Every year I take a ‘big trip’ to somewhere. In 2019 I’d finally go to Alaska. I’d been dreaming of Alaska for decades, but never quite felt ready to take the plunge and wander the vastness of the last frontier.
Ben and I were attempting to figure out a destination we hadn’t both recently visited. Last year, it was a two week 2000 mile road trip from Boise, ID > Yellowstone NP > Glacier NP > Waterton Lakes NP Canada > Grand Teton NP > SLC, UT, ruling out a huge chunk of the country. Ben and I both used to live together in CO, so wandering there was also out of the question.
I had 2 weeks of vacation burning a hole in my calendar, so I sent Ben a text:
All he said back was:
A month before the trip, I was diagnosed with mono. We had originally planned to do a lot of backpacking and other physical activities, but it was clear I wasn’t going to have the energy during the trip.
The Alaska trip turned into a road trip. Nights in a hotel wasn’t in our budget, and improved paid sites weren’t really in our budget either, so we decided to sleep in the back of the rental SUV. It turned out to be a wonderful experience and a perfect first peek into the vastness of Alaska.
We landed after a long day of flying with a stop over in Seattle and made our way with all of our gear to pick up our rental: an all wheel drive Traverse.
Then we went straight to Walmart and REI to get the following:
- Paper products
- Stove fuel
- Bear spray
- Dish Soap
Denali State Park
Once we got to Denali State Park, we put our packs together and hiked about 2 miles to cabin #3 at Byers Lake. We were already pretty tired, so it was a little extra exhausting, but totally worth it. If we were to do it all again, though, I’d want to stay in a hotel or sleep in the car the first night instead. I would absolutely go back to the cabin, especially if we had a few days to explore the area.
Roadside Camping is Everywhere
After a morning of hiking and an afternoon of mono sleeps, we spent our second night was spent at the Bear Creek Rest Stop north past Healy. The most impressive part of Alaska for me is that we could camp anywhere. Rest areas often included campgrounds, and in places that aren’t marked otherwise, its fine to sleep in a vehicle. We were able to camp for free most nights.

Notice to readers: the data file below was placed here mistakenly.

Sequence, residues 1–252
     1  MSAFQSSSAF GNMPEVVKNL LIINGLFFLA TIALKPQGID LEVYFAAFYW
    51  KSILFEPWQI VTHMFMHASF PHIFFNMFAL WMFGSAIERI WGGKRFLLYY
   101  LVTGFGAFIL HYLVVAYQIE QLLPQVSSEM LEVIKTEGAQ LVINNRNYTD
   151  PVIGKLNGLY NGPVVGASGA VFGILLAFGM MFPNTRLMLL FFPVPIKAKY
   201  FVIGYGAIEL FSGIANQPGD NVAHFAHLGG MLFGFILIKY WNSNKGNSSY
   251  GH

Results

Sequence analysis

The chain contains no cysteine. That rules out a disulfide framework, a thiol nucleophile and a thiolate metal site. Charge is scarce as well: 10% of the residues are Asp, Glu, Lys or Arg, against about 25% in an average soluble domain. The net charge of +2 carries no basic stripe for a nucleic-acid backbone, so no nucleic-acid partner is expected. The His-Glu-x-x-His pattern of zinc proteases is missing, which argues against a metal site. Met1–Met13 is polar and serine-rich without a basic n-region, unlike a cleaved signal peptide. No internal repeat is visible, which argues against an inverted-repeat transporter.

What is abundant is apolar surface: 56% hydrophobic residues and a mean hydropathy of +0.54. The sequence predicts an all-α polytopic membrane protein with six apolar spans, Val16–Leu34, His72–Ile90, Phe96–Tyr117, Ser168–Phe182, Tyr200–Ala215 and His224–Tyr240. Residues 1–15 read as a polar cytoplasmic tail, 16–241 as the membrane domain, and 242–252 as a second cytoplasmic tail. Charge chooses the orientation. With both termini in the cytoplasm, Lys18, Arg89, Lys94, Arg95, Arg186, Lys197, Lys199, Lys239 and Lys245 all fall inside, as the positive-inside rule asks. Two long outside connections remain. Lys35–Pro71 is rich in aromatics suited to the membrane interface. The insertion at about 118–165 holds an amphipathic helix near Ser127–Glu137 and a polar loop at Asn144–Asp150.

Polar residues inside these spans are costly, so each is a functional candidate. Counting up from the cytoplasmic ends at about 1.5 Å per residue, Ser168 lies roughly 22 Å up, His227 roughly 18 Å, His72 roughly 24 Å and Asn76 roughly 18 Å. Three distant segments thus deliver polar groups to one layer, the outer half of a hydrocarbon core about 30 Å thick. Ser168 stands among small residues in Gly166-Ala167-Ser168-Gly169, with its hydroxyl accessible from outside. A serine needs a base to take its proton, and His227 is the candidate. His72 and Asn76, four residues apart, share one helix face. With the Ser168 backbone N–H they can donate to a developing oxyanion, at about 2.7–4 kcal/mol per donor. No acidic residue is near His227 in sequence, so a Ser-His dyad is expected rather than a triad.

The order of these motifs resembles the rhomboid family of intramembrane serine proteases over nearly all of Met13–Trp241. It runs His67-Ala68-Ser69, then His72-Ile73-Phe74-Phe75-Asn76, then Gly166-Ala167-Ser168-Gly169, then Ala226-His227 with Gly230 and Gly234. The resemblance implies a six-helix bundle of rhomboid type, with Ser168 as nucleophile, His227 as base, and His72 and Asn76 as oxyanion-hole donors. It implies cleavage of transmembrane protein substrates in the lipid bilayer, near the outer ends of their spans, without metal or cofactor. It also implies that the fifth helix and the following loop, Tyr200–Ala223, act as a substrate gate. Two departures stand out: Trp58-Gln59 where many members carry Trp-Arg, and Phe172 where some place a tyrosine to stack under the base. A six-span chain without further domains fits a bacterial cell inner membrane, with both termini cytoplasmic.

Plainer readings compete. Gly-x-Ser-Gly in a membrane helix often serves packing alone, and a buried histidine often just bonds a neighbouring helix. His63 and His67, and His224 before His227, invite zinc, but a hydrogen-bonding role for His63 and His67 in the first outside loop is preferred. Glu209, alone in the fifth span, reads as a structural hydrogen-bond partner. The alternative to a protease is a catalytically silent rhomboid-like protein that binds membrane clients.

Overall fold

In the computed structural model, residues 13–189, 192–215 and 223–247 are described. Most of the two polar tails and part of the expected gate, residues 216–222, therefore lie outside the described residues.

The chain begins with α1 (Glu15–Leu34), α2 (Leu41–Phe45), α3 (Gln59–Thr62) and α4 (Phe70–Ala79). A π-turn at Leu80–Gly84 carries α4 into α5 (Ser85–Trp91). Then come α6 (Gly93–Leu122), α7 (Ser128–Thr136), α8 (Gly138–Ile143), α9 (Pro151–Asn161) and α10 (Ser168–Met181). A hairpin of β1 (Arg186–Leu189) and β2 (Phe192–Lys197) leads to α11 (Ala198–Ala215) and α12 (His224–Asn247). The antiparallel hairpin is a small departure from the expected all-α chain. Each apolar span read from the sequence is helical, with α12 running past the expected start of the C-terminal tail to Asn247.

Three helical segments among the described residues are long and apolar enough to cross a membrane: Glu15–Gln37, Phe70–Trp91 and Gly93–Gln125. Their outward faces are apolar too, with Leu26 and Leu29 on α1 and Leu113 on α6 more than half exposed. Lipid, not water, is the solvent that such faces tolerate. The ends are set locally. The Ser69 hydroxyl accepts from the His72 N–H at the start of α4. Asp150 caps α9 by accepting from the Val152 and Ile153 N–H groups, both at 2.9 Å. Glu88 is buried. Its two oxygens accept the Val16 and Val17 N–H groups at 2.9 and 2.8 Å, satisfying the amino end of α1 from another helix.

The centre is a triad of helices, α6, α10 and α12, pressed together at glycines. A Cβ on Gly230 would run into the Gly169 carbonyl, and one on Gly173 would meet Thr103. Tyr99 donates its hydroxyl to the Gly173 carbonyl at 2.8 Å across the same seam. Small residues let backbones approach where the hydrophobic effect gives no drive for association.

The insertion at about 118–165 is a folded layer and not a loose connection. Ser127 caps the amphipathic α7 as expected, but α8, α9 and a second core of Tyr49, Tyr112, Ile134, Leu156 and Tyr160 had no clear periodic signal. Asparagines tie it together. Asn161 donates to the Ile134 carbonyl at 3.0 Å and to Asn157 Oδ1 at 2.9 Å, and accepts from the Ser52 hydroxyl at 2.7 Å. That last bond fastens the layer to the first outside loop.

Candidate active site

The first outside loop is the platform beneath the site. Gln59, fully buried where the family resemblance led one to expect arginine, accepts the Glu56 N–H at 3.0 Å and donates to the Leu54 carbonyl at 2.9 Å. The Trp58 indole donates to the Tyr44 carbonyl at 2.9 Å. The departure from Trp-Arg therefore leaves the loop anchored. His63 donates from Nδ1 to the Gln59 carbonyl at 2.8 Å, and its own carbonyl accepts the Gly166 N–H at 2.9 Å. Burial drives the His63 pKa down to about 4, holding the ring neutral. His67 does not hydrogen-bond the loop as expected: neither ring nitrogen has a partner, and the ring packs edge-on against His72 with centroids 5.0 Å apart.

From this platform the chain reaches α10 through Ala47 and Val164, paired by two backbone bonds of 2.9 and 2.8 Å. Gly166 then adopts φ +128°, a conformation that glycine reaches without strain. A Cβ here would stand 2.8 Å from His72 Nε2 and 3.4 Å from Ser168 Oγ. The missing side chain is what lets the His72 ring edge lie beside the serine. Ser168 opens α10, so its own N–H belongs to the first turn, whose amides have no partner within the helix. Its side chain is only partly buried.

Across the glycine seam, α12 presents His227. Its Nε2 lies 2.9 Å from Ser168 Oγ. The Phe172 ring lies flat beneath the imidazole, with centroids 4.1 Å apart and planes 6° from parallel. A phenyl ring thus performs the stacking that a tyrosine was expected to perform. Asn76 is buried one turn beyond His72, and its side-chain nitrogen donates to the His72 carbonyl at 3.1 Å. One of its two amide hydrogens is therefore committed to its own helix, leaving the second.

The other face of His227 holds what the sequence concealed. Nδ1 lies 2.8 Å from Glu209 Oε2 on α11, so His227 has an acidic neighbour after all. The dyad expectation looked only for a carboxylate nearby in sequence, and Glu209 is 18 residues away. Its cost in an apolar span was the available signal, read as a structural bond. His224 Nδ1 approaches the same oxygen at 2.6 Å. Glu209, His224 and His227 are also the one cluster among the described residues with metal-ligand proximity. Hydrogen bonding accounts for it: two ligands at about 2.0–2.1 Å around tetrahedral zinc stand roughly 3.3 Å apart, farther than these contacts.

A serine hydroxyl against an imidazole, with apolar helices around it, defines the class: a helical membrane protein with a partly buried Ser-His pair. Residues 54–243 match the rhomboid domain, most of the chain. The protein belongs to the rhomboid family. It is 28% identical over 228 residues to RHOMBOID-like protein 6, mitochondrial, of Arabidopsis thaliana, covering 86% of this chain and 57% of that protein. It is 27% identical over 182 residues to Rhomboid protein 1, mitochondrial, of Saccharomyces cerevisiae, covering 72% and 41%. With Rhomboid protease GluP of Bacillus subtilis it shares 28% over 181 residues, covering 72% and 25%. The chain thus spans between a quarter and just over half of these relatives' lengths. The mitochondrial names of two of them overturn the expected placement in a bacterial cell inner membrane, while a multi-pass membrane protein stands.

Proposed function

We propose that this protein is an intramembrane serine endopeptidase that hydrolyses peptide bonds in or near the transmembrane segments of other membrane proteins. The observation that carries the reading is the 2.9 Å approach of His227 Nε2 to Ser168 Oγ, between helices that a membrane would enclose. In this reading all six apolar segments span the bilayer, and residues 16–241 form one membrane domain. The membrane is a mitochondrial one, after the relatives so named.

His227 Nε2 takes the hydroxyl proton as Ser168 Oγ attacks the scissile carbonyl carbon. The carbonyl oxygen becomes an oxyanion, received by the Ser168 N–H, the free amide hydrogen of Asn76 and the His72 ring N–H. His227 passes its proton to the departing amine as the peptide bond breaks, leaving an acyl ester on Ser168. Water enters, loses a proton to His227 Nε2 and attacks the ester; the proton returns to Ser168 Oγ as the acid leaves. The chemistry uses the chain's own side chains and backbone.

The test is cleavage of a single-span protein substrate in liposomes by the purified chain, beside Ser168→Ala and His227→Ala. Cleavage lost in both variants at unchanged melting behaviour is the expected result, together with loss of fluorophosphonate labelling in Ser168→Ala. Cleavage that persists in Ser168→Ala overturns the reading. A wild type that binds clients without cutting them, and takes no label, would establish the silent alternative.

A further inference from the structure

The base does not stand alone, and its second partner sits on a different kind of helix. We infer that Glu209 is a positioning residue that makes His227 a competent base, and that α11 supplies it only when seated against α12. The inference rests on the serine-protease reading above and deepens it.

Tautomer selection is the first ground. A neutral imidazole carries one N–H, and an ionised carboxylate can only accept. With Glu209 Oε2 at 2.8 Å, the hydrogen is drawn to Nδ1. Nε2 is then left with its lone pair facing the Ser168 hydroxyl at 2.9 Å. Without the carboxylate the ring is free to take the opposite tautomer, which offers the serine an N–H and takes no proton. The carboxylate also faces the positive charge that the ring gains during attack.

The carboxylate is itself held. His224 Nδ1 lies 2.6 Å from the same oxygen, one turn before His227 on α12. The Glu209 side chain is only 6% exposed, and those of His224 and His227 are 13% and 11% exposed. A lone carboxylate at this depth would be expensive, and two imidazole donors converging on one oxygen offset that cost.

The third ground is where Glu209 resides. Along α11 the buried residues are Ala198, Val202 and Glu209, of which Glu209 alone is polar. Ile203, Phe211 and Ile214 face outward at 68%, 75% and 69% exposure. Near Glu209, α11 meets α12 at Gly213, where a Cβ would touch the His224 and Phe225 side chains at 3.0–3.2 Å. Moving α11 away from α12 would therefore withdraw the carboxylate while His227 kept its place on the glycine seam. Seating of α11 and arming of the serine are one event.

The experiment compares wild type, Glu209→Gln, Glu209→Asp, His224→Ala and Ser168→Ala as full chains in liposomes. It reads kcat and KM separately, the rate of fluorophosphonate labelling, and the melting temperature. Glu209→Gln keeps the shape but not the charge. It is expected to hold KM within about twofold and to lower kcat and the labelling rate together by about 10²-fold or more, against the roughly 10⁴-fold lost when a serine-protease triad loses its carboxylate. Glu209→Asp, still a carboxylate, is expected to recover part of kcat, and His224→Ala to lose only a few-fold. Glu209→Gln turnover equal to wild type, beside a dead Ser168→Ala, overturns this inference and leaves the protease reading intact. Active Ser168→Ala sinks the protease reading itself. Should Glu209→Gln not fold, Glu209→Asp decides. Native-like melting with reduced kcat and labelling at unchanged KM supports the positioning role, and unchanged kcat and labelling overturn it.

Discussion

After a quick shower at Denali National Park, we drove south toward Cantwell to hop on highway 8, otherwise known as the Denali Highway.
The Denali Highway is an improved dirt road leading east west from Cantwell to Paxson. Its a delightful drive with views of glaciers and mountains to the north. Towards the middle, the surrounding area tinted red with a kind of vegetation I had never seen before. It was very beautiful.
There are several pull offs and plenty of camping in this road. After several stops for photos, we turned south at the end of the Denali Highway and drove on to Paxson Lake.
Paxson Lake State Park
We had originally planned to keep driving and head all the way to Nabesna Road, but we were tired and it was getting late, so we settled into a cozy campsite at Paxson Lake to enjoy the rest of the day relaxing at the lake. After a few days of constant driving, it was good to stop early.
Wrangell-St. Elias – McCarthy Road
The McCarthy Road heads almost 60 miles from Chitina towards McCarthy-Kennicott, a town in the Wrangell-St. Elias National Park, the largest national park in the USA. It doesn’t reach Kennicott, so if you want check out Kennicott or hike to Root Glacier or the mine trails, you need to pay for a shuttle. One way takes 2 hours so plan accordingly since you’ll need another 2 hours to get back to camp after a long day of hiking.
Camping at McCarthy Campground fills up very fast, so we didn’t stay there. We spent one night at a the Copper River campground near the confluence of the Copper and Chitina Rivers and another night at a roadside rest area like campground at Liberty Falls State Recreation Site on the Edgerton Highway (Alaska 10).
Lake Louise State Park
From McCarthy Road, we drove back through Chitina to Kenny Lake where we did laundry, took showers, and stocked up on more food and fuel. We ate much needed burgers at Ken’s Bistro.
The drive to Lake Louise State Park is a little wild with the paved road waving up and down. Its rough in a way that I had never seen before. Permafrost is hard on pavement.
According to our campground hosts, this park always has campsites available.
Kenai Fjords National Park
We drove back on highway 1 through Anchorage onward to Kenai Fjords National Park. The change in scenery was dramatic as we entered a more humid environment.
This area is absolutely beautiful. All we had seen so far was breathtaking, but something about the Kenai Peninsula really struck us as something special. For a quicker trip to Alaska, heading down to Seward would make for a great stay.
The campground where we intended to stay has a rule against camping inside vehicles, so we stayed at a pull off on road close to the park.
Daily life consisted of waking up, making breakfast and heading out. We used backpacking cooking gear since taking a larger stove on a plane seemed unnecessarily bulky considering all of the other things we needed for the trip. When I would predictably get tired, we could easily pull over and climb into the back for a nap.
- 38 liter backpack
- sleeping gear
- cooking gear
- camera gear (DSLR & GoPro)
- light hiking shoes
- 120v inverter
- cold weather clothes
- rain gear
- shower things